For the record: “It barely gets a headline these days, but we thought readers might like to know that federal spending for the first nine months of fiscal 2020 hit a record $5.005 trillion. Congratulations to everyone, and especially young Americans. You’ll be paying for it the rest of your lives.” —The Wall Street Journal
Race bait: “As the Washington football team finally gives up its racist slur of a name, there is one major sports team that has avoided the spotlight and resisted meaningful engagement with the violent and racist implications of its name. To know the full history of the Texas Rangers is to understand that the team’s name is not so far off from being called the Texas Klansmen.” —The Washington Post’s Karen Attiah
Non compos mentis: “Republicans are all upset that I’m connecting the dots between poverty and crime. I know most of them haven’t experienced or seen these issues first hand, but I have. This may be hard for them to admit, but poverty and crime are highly linked, both violent & nonviolent alike.” —Alexandra Ocasio-Cortez
Braying jackass, Part I: “I think it is a fair point to raise as to whether or not, if [Trump] loses, he’s going to go quietly or not. And we have to be ready for that.” —Hillary Clinton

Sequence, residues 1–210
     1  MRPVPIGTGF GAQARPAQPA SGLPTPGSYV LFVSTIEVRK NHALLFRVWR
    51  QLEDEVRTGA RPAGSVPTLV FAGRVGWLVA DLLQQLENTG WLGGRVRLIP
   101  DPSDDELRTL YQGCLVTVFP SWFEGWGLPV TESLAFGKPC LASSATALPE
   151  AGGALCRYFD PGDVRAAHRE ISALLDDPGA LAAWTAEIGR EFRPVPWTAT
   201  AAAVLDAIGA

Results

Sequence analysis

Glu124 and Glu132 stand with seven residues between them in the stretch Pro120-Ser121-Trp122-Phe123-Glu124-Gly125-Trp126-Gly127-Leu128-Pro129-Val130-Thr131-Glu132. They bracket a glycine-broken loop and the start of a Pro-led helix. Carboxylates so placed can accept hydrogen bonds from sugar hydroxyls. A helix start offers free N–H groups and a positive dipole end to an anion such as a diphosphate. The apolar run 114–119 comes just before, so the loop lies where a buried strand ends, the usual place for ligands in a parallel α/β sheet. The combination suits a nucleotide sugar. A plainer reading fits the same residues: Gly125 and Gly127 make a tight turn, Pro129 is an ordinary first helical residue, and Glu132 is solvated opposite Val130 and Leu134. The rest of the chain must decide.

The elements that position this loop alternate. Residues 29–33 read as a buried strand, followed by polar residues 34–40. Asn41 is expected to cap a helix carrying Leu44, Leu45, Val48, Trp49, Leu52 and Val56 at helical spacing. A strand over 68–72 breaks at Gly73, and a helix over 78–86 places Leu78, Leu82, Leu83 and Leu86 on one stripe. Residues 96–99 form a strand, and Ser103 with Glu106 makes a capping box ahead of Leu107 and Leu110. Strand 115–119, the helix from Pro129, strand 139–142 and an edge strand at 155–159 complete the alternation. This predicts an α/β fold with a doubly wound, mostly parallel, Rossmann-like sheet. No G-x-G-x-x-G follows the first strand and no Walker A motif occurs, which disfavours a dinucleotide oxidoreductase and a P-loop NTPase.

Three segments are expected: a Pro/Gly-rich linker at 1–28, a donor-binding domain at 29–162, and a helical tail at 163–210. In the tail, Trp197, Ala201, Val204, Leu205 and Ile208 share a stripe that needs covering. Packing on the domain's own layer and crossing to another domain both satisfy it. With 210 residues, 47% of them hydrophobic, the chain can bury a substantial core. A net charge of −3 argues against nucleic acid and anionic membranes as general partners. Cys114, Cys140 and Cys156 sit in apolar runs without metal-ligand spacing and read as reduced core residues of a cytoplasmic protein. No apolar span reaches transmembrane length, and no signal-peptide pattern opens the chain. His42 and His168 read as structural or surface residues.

Braying jackass, Part II: “Republicans have two prongs to their strategy to try to win. The first is: Try to prevent many people who they think won’t vote for them from voting. So, make the lines really long… Try to make vote by mail as difficult as possible, when in fact that is how Donald Trump votes.” —Hillary Clinton
Braying jackass, Part III: “Look, I want a fair election. If people get to vote and they, for whatever reason, vote for Donald Trump, OK, we’ll accept it. Not happily. But I don’t think that’s what will happen, because I think the more people who can actually get to the polls, whether by mail or in person, and get their votes counted, then we are going to have the kind of election we should have. And then it will be a win both in the popular vote and the Electoral College.” —Hillary Clinton
And last… “Competition is enormously important, because human beings are so fallible. If you insulate people from paying the price of being wrong, you’re going to get a lot of wrong things done.” —Thomas Sowell